The (Loaded) Final Four
The (Loaded) Final Four

Back in mid-November, at the prestigious Champions Classic, the McDonald’s All-American-starved Michigan State Spartans looked like the odd team out among themselves, Duke, Kansas, and Kentucky—aka the giants of college basketball. (In all fairness, it was my Jayhawks, thoroughly embarrassed by Kentucky 72−40, who were clearly the odd team out.)

More than four months later the Spartans, who lost to Duke 81−71 at that same star-studded venue (and lost to Kansas 61−56 two weeks later), have proven they belong with the big boys after another vintage Tom Izzo tournament run—his seventh Final Four appearance.

Only Kansas, which lost in the Round of 32 (again), failed to make the Final Four after starring in that early-season matchup of titans. But in their place is 35−3 Wisconsin, which likely poses the biggest threat to topping 38−0 Kentucky in a highly anticipated rematch of last year’s Final Four. The Badgers play tough defense, operate at a deliberately slow pace, and, oh yes, they have the most difficult player to defend in senior forward Frank Kaminsky.

Wisconsin's Frank Kaminsky (R) is as deadly from beyond the three-point line as he is in the paint. (Stephen Dunn/Getty Images)
Wisconsin’s Frank Kaminsky (R) is as deadly from beyond the three-point line as he is in the paint. (Stephen Dunn/Getty Images)

The 7-foot Kaminsky put up 29 points and grabbed six rebounds in Wisconsin’s instant classic win over Arizona in the Elite Eight—also a rematch from last year.

What makes Kaminsky so hard to defend? Like some select other big men around the country, Frank “the Tank” can shoot the three—thus requiring his defender to venture out to the three-point line.

But he’s not just a one-dimensional long-range shooter.

Kaminsky also has a dizzying array of post-moves in the paint that usually result in either a made basket or his going to the line. In that same Elite Eight game against the Wildcats, Kaminsky was the prime reason Arizona’s front line was either in foul trouble or had already fouled. The big man went to the free-throw line 12 times and hit 10 of them. Any attempts to double-team him are usually thwarted by his being able to find the open man. FYI, junior forward Sam Dekkar has been on fire in the tournament, averaging 21.8 points per game off of 48 percent shooting from three-point land.

The job of defending Kaminsky will go to the team with the most talent, most front-line depth, and most aggressive defense in the country—the aforementioned Kentucky Wildcats, who really need no introduction.

Duke's leading scorers Jahlil Okafor (R) and Quinn Cook have the Blue Devils in their first Final Four since 2010. (Tom Pennington/Getty Images)
Duke’s leading scorers Jahlil Okafor (R) and Quinn Cook have the Blue Devils in their first Final Four since 2010. (Tom Pennington/Getty Images)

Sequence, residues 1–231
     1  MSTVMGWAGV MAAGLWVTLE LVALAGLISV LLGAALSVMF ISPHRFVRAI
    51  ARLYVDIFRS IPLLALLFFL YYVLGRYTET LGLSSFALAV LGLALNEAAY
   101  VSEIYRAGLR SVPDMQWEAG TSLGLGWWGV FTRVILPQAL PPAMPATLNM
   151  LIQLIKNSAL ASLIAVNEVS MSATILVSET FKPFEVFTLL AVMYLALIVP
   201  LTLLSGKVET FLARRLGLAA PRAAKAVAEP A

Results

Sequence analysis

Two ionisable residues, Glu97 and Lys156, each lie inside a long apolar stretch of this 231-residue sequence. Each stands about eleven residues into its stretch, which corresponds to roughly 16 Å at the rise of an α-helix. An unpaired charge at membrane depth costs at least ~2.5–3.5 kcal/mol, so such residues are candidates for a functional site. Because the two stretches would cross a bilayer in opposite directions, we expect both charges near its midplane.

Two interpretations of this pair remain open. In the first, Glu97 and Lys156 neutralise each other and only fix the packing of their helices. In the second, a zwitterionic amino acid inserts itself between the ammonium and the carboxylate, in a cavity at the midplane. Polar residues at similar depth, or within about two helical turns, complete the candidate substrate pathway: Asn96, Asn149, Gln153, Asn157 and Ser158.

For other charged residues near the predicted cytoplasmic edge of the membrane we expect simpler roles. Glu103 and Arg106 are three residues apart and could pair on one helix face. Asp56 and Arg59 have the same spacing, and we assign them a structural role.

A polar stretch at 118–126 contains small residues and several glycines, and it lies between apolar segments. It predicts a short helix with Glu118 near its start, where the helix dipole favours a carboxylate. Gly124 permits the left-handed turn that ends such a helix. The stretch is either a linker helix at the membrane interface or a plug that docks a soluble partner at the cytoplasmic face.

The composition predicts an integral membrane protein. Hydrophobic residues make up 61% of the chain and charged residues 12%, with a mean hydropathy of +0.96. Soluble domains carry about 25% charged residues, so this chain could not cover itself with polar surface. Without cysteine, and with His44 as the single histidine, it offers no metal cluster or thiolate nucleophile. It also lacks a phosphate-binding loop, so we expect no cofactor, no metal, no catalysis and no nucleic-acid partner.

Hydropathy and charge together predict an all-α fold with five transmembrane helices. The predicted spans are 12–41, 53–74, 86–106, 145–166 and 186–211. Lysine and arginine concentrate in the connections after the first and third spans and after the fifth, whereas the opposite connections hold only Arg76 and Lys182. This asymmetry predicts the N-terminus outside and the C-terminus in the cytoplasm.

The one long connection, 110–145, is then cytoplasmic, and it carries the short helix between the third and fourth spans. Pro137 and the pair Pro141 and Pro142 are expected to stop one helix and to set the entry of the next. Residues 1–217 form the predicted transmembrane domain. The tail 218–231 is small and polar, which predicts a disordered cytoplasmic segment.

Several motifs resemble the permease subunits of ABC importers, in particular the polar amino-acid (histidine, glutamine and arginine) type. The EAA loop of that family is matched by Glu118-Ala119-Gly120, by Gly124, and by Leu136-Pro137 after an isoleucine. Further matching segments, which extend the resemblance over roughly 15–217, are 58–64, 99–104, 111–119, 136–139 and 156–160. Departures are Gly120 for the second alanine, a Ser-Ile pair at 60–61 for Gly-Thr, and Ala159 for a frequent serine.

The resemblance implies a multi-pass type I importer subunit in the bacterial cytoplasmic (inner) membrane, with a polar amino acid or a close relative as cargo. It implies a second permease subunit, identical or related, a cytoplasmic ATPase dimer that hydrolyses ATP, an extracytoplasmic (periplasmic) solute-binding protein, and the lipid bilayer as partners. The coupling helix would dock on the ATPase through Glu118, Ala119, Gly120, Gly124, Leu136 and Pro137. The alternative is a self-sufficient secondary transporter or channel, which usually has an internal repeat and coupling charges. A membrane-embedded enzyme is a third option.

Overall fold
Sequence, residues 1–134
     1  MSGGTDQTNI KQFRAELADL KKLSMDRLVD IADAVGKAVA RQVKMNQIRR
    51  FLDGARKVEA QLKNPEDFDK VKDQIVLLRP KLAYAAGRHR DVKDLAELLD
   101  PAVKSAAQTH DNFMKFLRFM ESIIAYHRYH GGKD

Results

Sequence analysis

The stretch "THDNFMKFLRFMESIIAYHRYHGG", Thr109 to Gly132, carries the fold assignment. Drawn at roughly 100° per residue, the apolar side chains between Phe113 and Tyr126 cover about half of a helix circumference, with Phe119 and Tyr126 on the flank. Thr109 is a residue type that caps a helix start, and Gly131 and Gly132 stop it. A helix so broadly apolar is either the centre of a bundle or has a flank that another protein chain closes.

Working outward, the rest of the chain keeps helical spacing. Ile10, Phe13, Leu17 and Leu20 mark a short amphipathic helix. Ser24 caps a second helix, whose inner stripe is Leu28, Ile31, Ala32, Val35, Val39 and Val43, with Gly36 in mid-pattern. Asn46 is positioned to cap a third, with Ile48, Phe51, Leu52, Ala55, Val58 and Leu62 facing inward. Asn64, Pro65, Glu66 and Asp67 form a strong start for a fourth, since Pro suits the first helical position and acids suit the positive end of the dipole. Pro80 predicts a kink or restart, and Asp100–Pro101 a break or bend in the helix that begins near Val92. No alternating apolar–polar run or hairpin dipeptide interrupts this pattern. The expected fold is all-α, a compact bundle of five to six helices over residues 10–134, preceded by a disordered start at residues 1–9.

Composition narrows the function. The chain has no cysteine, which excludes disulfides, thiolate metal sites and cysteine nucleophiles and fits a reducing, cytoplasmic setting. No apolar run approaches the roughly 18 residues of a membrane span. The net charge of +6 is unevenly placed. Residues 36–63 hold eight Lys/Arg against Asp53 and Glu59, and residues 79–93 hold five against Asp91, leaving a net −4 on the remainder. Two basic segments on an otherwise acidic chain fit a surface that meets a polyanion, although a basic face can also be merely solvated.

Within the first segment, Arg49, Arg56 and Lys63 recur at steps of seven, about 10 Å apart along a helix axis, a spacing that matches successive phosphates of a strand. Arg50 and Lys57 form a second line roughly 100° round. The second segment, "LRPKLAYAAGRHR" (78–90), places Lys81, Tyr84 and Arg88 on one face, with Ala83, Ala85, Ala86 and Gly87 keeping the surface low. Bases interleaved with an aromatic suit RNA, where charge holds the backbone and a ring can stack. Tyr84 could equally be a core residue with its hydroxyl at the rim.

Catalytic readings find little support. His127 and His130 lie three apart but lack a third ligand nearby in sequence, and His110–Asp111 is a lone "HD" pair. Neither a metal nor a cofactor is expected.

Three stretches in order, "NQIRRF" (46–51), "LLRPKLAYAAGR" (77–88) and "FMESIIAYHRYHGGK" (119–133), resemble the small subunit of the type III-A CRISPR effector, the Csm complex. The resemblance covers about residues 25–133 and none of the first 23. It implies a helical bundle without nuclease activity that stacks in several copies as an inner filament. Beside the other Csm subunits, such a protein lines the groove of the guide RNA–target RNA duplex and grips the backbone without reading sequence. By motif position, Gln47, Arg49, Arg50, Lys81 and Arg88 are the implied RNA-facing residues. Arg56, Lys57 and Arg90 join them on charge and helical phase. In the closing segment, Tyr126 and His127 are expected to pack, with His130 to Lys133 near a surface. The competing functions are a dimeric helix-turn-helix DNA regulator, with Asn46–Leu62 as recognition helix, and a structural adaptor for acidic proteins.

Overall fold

Most any other year, Wisconsin’s 35 wins would represent the most—but this isn’t any other year. Kentucky has been playing on another level this season, and their 38 wins are already tied for the most in one season—along with Calipari’s Kentucky squad of three years ago as well as his Memphis team four years before that. No other coach has joined the 38-win club, and Calipari is just two wins from creating another exclusive one: the 40-win fraternity.

The Wildcats’ talent is unequaled. The roster is littered with nine McDonald’s All-Americans, and that doesn’t include first-team AP All-American junior forward Willie Cauley-Stein, the 7-footer who is nimble enough to chase down Notre Dame point guard Jerian Grant and force an off-balance three-pointer in the final seconds of the Elite Eight matchup.

Center Karl-Anthony Towns may have the most talent on the team and proved to be an impossible guard for those same Irish. Meanwhile, sophomore guard Aaron Harrison made a name for himself in last year’s tournament by hitting several late, game-altering three-pointers as the Wildcats made it all the way to the title game.

Meanwhile, 33−4 Duke is looming as a possible spoiler. That’s right. In a Final Four with Kentucky, the Blue Devils actually take a back seat as far as dangerous teams go. Coach Krzyzewski has now been to an insane 12 Final Fours (tying John Wooden’s record), though they’ve only been there three times since winning it all in 2001—a lull compared to the incredible seven Final Fours in a nine-year period between 1986 and 1994 that once made Duke so feared. Three times is also the number of opening-round upsets they’ve suffered since 2001.

Don’t get me wrong, with Jahlil Okafor anchoring the post, Duke is tough to guard. But in this fearsome foursome, they’re overshadowed a bit—an unusual role that Coach K will likely thrive in after being the hunted for so many years.

Michigan State head coach Tom Izzo has reached his seventh Final Four. (Maddie Meyer/Getty Images)
Michigan State head coach Tom Izzo has reached his seventh Final Four. (Maddie Meyer/Getty Images)

His opponent, 27−11 Michigan State, has overachieved in the tournament before—plenty of times. Izzo’s teams have made it to college basketball’s final weekend seven times since 1999—more than Kansas, North Carolina, Kentucky, or Duke have during the same period. Yet the Spartans have done it with half the NBA talent.

Since 1999, Michigan State has seen 10 players drafted into the NBA—not bad, but not great. North Carolina has seen 19, Kansas has 20, while Duke and Kentucky have each had 25 draftees. In short, Izzo does more with less when it comes to the NCAA Tournament. And while his current squad isn’t beaming with NBA talent, they play well together and should give Duke plenty of fits Saturday night.

After all, any foursome with Michigan State as the underdog must be loaded.

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